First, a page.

Izpisua Belmonte added that more extensive studies will be needed to fully understand the role of heterochromatin disorganization in aging, including how it interacts with other cellular processes implicated in aging, such as shortening of the end of chromosomes, known as telomeres. In addition, the Izpisua Belmonte team is developing epigenetic editing technologies to reverse epigenetic alterations with a role in human aging and disease.

 

Source:  sciencedaily.com

Scientists Grow Human Brain

Scientists Grow Human Brain From Stem Cells:

Scientists Grow Human Brain From Stem Cells

Scientists Grow Human Brain From Stem Cells

Ear, eye, liver, windpipe, bladder and even a heart. The list of body parts grown from stem cells is getting longer and longer. Now add to it one of the most complex organs: the brain.

A team of European scientists has grown parts of a human brain in tissue culture from stem cells. Their work could help scientists understand the origins of schizophrenia or autism and lead to drugs to treat them, said Juergen Knoblich, deputy scientific director at the Institute of Molecular Biotechnology of the Austrian Academy of Sciences and one of the paper’s co-authors.

The advance could also eliminate the need for conducting experiments on animals, whose brains are not a perfect model for humans.

To grow the brain structures, called organoids, the scientists used stem cells, which can develop into any other kind of cell in the body. They put the stem cells into a special solution designed to promote the growth of neural cells. Bits of gel interspersed throughout the solution gave the cells a three-dimensional structure to grow upon. In eight to 10 days, the stem cells turned into brain cells. After 20 days to a month, the cells matured into a size between three and four millimeters, representing specific brain regions such as the cortex and the hindbrain.

Growing brain tissue this way marks a major advancement because the lab-grown brain cells self-organized and took on growth patterns seen in a developing, fetal brain.

Currently, the organoids are limited on how big they can get because they do not have a circulatory system to move around nutrients.

Knoblich’s team didn’t stop at growing the brain organoids, though. They went a step further and used the developing tissue to study microcephaly, a condition in which the brain stops growing. Microcephalic patients are born with smaller brains and impaired cognitive development. Studying microcephaly in mice doesn’t help because human and mouse brains are too different.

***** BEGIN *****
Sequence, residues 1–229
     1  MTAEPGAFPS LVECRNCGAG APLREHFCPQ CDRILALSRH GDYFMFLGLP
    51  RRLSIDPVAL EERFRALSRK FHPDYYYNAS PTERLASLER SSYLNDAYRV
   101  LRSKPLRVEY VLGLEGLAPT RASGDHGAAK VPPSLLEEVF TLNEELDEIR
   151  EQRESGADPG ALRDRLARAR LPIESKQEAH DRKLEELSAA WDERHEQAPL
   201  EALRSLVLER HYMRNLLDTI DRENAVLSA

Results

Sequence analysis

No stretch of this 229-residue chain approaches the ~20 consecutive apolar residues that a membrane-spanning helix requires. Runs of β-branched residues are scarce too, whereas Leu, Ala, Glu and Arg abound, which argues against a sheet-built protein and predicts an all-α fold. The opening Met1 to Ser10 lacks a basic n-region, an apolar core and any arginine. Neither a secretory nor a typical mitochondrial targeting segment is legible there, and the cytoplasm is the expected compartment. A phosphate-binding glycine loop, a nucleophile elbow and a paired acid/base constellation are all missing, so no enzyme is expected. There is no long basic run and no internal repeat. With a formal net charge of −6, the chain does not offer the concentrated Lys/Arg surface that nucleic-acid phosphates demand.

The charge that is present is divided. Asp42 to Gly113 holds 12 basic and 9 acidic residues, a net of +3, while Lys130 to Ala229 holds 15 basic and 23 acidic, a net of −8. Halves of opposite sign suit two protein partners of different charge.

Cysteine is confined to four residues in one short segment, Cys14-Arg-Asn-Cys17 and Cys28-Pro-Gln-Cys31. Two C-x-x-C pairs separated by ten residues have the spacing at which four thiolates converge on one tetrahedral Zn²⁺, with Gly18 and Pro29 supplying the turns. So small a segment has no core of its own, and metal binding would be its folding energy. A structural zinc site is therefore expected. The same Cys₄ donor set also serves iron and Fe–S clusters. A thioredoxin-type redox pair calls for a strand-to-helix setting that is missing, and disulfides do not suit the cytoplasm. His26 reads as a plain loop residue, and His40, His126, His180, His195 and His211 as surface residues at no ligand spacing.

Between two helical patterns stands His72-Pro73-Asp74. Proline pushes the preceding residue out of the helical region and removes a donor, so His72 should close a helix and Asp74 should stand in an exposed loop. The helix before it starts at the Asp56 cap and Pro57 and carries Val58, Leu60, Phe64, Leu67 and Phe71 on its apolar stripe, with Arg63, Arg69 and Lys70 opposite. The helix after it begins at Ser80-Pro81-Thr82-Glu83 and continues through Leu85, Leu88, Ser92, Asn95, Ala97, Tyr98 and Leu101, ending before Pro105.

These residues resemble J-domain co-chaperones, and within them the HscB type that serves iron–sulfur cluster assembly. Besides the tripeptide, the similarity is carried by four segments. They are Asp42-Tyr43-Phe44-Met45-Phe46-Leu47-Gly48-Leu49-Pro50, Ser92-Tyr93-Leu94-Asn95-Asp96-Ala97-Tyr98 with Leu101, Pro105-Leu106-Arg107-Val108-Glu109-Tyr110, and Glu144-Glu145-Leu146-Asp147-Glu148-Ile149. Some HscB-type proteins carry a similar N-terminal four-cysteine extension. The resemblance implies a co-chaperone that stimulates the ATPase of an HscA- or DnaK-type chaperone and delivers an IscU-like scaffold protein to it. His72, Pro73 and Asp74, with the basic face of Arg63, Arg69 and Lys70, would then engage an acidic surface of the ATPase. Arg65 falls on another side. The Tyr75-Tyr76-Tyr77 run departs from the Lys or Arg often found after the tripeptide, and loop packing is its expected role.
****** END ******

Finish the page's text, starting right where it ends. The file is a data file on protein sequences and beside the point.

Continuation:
For this part of the study, the researchers used stem cells from a microcephalic patient and grew neurons in a culture. They found that normal brains have progenitor stem cells that make neurons and can do so repeatedly. In microcephalic brains, the progenitor cells differentiate into neurons earlier, said Madeline A. Lancaster, the study’s lead author. The brain doesn’t make as many neurons and a child is born with a much smaller brain volume.

Yoshiki Sasai, a stem-cell biologist at the Riken Center for Developmental Biology in Kobe, Japan, garnered headlines last year by growing the precursors to a human eye.

“The most important advancement is that they combined this self-organization culture with disease-specific cells to model a genetic disease of human brain malformation,” he said.

“Everything we have done with other organs starts with this stage,” said Dr. Anthony Atala, the director of the Wake Forest Institute for Regenerative Medicine, who has done years of research on using 3D printers to build organs. Atala was not involved in this study, but he noted that before he could build organs, he needed to grow the pieces in order to get the cells to differentiate in just the right way. So though it’s unlikely anyone will print brains the way he did a kidney, this kind of experiment is where organ regeneration starts.

Knoblich said the next step is studying other brain disorders, but it will take some time to grow enough brain tissue. One factor is maximum size and how far the brain can develop in the culture. Brain cells develop in layers, and there are several by the time a baby is born. The cortical cells Knoblich’s team grew only had one such layer. Another factor is getting blood vessels inside the tissue. That problem could be solved some time in the future, though he said he couldn’t predict when.

It is tempting to think one day there will be whole brains in vats, but that isn’t likely to happen.

“Aside from the severe ethical problem, I do not think this will be possible,” Knoblich said. To form actual functioning neural circuits, a brain needs sensory input. “Without any sensory input, the proper organization may not happen.”